The remarks I have to offer will center about objectives—what psychology in the medical curriculum can be expected to do. Two things should be expected of it before all others: It should give the student knowledge about the psychologic technics at his disposal in dealing with his professional problems. Further, it should give him that orientation of personality toward his profession which will cause him to treat, not diseases merely, but sick persons.
Although the best college teaching of psychology has moved far in the direction of the goal from where it was in my undergraduate days, it still seems fair to assume that in these respects the students even in the most exacting medical schools are starting from scratch. However, given the cultural background and above all the level of intelligence, quantitatively seldom below the upper 5 per cent, which characterizes medical students in first class schools, the clinical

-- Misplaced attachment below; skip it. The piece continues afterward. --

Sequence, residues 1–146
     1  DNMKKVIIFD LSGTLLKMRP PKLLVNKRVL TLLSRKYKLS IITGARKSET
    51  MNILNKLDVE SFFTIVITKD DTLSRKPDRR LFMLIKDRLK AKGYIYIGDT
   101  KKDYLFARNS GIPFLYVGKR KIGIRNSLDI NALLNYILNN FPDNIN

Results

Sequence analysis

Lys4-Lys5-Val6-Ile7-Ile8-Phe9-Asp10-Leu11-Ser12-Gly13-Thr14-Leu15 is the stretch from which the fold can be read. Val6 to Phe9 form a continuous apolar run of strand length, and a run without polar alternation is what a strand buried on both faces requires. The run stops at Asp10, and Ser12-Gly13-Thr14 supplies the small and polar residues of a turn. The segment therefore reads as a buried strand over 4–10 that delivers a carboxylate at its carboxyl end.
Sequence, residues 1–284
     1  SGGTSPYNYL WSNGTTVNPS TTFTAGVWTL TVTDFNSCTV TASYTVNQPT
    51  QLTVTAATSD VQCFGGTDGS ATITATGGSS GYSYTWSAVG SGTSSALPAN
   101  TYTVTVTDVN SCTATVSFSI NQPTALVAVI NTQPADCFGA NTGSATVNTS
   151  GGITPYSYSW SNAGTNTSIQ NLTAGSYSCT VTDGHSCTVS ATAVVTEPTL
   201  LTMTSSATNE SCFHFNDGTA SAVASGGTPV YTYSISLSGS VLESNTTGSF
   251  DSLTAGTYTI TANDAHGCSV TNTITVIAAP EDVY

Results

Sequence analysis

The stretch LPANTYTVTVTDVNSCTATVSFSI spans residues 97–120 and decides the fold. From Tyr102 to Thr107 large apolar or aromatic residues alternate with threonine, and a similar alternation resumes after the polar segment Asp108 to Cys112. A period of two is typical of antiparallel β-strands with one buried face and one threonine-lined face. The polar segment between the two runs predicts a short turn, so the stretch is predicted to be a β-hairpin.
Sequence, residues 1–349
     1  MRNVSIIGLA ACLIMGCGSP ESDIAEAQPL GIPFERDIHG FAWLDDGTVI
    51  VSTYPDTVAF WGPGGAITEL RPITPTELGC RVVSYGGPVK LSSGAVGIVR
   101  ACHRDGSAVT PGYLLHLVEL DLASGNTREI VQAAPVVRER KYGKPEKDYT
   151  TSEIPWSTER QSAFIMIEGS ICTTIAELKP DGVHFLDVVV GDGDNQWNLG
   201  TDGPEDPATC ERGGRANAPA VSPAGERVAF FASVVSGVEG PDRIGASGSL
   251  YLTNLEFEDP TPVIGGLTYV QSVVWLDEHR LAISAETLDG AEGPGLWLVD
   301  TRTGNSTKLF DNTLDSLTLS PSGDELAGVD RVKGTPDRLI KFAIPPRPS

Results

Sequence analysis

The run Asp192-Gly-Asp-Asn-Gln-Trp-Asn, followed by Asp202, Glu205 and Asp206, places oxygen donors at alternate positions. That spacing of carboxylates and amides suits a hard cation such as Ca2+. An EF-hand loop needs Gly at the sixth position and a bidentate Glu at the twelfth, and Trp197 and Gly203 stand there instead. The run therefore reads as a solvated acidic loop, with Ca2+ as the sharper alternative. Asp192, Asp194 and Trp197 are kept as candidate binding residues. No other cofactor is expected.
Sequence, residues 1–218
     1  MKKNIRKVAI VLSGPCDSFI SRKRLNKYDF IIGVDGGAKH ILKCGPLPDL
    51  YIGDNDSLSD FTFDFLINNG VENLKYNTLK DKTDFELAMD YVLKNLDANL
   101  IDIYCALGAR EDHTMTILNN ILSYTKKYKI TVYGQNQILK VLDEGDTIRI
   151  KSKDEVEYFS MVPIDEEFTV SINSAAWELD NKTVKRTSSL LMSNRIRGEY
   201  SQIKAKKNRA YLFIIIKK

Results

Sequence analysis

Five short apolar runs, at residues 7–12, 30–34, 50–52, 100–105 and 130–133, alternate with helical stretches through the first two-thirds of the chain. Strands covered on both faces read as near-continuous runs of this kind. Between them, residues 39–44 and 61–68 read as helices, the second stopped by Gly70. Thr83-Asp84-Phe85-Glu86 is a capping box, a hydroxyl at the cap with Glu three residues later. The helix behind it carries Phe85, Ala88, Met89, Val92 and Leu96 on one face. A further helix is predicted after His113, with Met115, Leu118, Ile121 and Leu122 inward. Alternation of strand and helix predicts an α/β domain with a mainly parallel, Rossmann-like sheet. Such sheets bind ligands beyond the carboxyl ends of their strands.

WELLS FL. PSYCHOLOGY IN MEDICAL EDUCATION. Arch NeurPsych. 1936;35(3):631–638. doi:10.1001/archneurpsyc.1936.02260030203010
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